Monday, December 9, 2019

NETGEAR - Optimizing a NETGEAR ReadyNAS NV+ (v1)


Optimizing A NETGEAR ReadyNAS NV+ (v1)

I have had a NETGEAR ReadyNAS NV+ for several years.  I never really took a good look at it because it kinda just worked fine out of the box, and I'm more interested in the larger universe of things that aren't working rather than the small universe of things that are.

I bought the NETGEAR ReadyNAS NV+ (v1) second hand a long, long, long time ago, I think some time in 2009.  I upgraded it from 1Tb to 6Tb in 2011.  Its power supply fried out in 2012, so I had to replace it, which was a pretty tense experience.  

It traveled with me from Hong Kong to Canada in 2017.  It traveled back to Hong Kong with me in 2018, getting a bit bent and broken on the way (because it was beaten and abused as check-in luggage often is).  They bent the frame, cracked some plastic and broke the door hinge, but it still kept working.

Even today, my NETGEAR ReadyNAS NV+ (v1) is faithfully serving out files.  I really have nothing critical to say about it, except for the fact that I find its web interface is a bit sluggish.  Also, it mysteriously lost its ability to send emails or download updates a few years ago - which is something I always promised myself I'd look into, but never did because it still delivered files reliably.  Despite the fact that it is a little beat up and over 10 years old now, icontinues to do what I ask it to do...and I hate to throw away things that are still working and that have been reliable and faithful to me.

This is the curse of the maker , accumulating piles of stuff that is "old but still working fine" .  Unfortunately, because of our consumer-driven culture, a lot of people just turn their nose up at things that are middle-aged.  They're not new, they're not vintage...they're just uncool.  Personally, I think it is bizarre that people think this way, but I also take advantage of it to get my hands on lots of "uncool" but incredibly fun stuff!

In summary, my NETGEAR ReadyNAS NV+ (v1)

- Is a fine looking piece of kit.
- Has served me very well for over 10 years.
- Has earned a look, some TLC and a bit of a write-up

My NETGEAR ReadyNAS NV+ (v1)

Here's what my unit looks like, more or less:

Under the hood, my NETGEAR ReadyNAS NV+ (v1) has proven to be very interesting.  For starters, here are its technical specifications, straight from NETGEAR:

Here's some of my observations:


Apparently, the NETGEAR ReadyNAS NV+ (v1) uses a SPARC processor

Yes!  As in a SPARC microprocessor from Sun Microsystems!  Wow!  This information is not only very interesting, it is a bit of a blast from the past!  

You see, I got my Computer Science degree on Sun equipment.  One of my fondest rescue stories was about SPHERE, a Sun 4/380 that I bought (broken) from my University for CAD72.00 and then brought back to life, and running a 2.x version of Berkely Software Distribution (BSD) Unix!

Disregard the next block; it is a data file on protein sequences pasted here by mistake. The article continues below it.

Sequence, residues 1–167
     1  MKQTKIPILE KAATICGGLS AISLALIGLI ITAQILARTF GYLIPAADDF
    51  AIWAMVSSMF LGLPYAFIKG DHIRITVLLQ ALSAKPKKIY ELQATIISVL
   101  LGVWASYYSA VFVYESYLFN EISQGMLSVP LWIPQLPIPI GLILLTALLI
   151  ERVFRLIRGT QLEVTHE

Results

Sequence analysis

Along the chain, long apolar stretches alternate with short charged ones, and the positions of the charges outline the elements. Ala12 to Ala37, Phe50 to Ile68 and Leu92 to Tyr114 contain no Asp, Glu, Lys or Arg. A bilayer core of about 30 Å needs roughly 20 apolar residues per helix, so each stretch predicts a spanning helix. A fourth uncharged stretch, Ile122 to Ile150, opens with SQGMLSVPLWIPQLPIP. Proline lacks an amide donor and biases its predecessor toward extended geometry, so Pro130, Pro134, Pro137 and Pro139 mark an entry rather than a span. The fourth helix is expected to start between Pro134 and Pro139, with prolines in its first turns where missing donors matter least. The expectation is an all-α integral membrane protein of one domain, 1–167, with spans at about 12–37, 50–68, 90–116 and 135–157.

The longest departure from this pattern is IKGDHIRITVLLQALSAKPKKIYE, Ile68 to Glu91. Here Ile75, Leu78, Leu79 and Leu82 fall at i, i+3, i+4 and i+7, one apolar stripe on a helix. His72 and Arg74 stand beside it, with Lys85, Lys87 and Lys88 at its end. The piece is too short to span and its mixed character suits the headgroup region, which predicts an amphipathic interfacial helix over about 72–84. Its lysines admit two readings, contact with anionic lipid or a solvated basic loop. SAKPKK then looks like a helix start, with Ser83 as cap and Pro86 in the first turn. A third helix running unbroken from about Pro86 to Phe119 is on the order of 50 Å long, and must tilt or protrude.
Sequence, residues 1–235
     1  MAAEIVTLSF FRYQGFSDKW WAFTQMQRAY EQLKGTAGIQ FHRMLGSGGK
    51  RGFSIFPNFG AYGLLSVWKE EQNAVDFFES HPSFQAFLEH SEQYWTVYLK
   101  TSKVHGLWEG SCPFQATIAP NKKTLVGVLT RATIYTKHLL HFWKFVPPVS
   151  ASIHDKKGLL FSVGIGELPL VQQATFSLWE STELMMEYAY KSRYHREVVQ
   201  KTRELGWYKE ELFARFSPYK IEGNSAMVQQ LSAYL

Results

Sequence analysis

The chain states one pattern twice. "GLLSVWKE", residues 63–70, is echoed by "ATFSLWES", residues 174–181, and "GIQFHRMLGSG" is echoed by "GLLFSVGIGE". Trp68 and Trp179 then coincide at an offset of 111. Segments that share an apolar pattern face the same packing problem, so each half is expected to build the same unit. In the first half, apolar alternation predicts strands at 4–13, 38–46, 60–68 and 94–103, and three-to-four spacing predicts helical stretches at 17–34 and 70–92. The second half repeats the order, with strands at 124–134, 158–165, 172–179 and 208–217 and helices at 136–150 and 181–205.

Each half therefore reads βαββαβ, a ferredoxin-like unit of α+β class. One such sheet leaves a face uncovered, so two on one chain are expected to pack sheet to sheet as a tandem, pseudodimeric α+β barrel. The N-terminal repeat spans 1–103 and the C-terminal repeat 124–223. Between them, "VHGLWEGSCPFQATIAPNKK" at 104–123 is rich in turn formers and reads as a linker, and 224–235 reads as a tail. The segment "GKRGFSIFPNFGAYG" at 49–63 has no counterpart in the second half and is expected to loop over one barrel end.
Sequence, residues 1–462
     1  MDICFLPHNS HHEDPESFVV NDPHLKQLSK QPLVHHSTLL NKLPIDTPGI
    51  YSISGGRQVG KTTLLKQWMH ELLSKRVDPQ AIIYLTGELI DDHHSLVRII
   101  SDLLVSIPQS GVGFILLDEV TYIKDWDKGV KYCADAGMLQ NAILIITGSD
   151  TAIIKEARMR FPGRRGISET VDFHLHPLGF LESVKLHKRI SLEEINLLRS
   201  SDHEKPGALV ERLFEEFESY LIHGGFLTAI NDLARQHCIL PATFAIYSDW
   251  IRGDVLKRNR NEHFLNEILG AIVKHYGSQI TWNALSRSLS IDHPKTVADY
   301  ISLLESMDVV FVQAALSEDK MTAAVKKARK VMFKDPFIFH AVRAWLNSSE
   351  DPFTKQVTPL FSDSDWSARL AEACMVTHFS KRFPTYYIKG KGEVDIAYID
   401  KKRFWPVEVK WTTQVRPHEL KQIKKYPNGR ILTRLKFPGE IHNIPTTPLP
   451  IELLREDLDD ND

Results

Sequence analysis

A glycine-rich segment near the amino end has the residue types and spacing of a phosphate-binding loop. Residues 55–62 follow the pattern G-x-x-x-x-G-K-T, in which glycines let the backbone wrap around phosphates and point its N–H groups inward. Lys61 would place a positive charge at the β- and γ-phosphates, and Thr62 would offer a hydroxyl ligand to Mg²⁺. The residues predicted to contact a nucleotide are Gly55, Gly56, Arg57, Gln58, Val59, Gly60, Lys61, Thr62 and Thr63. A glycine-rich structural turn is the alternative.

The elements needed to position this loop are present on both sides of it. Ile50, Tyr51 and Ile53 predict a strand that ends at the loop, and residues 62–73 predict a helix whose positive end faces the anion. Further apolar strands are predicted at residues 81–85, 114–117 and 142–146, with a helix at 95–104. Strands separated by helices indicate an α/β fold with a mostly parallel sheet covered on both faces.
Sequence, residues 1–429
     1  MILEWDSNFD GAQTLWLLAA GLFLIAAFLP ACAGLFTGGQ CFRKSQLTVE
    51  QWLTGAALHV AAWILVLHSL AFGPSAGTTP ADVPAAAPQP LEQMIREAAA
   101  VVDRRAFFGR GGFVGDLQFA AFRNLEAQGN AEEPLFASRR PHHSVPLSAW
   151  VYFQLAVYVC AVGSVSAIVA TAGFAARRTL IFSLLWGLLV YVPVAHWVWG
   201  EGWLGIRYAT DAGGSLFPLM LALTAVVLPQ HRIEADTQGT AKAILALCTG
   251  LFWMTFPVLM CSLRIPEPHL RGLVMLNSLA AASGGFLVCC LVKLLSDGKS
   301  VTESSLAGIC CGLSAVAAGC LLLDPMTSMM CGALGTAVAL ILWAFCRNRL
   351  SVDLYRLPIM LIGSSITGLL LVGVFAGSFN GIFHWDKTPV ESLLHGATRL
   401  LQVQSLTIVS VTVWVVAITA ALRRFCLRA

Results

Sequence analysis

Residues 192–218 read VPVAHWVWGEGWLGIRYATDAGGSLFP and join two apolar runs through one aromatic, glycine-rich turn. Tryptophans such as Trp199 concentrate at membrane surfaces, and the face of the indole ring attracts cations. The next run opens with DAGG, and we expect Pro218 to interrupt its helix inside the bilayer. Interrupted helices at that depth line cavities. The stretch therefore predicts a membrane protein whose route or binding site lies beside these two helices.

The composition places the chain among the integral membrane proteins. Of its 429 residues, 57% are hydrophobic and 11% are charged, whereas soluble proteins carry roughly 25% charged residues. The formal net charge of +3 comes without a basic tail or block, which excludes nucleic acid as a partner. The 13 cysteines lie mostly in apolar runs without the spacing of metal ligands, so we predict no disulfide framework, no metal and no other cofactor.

You can read more about that adventure here.

Let's find out some more about the processor in my NETGEAR ReadyNAS NV+ (v1):

ReadyNAS:/# cat /proc/cpuinfo
cpu             : Infrant Technologics, Inc. - neon version: 0
fpu             : Softfpu
ncpus probed    : 1
ncpus active    : 1
BogoMips        : 186.36
MMU             : version: 0
LP              : HW.FW version: 0.1
FPGA            : fpga000000-0 Configuration: 0
AHB arbitraion  : 7
CPU id          : 0
Switch          : 0
ASIC            : IT3107

Hmmm.  The SPARC processor is a Sun Microsystems technology?  

Who exactly is Infrant Technologies?

OK, very interesting...but what is an "Infrant Processor"?  

Well, I found that out in a very interesting article about NETGEAR's Network Attached Storage (NAS) fans and how they are being made larger to make the devices more quiet:  

"The original ReadyNAS Duo (as with my ReadyNAS NV and NV+) uses Infrant's SPARC-derived processor." (Dipert, 2013)

OK, an Infrant Processor is SPARC-derived, but Infrant Processor is in my NETGEAR ReadyNAS NV+ (v1)?

Well, an article about some Infrant Technologies gear provided that:  

"Both the NV and NV+ use Infrant's IT3107 Storage processor, have 256 MB of DDR RAM and 64 MB of onboard flash." (Higgins, 2007).

The next thing to get are some specifications for the Infrant IT3107 chip.  Luckily, a description of the Infrant IT310x chip family is provided in a press release from Infrant Technologies themselves:

Infrant Technologies(TM) today announced the highly integrated IT3107 and IT3102 system-on-chip architecture that will power the industry's next-generation of Network Attached Storage (NAS) and Media Server appliances. By integrating Gigabit Ethernet, multiple Serial ATA hard disk interfaces, and hardware-based RAID 0/1/5 redundancy into a single Network Storage Processor, more efficient network storage devices can be made available to broader markets including workgroups, offices, and home networks.

The Infrant IT3100 family of network storage processors are all 32-bit RISC CPU's. The IT3107 has a 4-channel Serial ATA interface and the IT3102 has a 2-channel Serial ATA interface. Both network storage processors include a Gigabit Ethernet MAC supporting jumbo packets, PCI host controller for expansion flexibility, and hardware RAID supporting RAID 0 striping, RAID 1 mirroring and RAID 5 striping with redundant parity. They also include a 64-bit DDR-SDRAM Interface, an encryption/decryption engine, diskless boot using NAND flash, TWSI interface and support for JTAG boundary scan.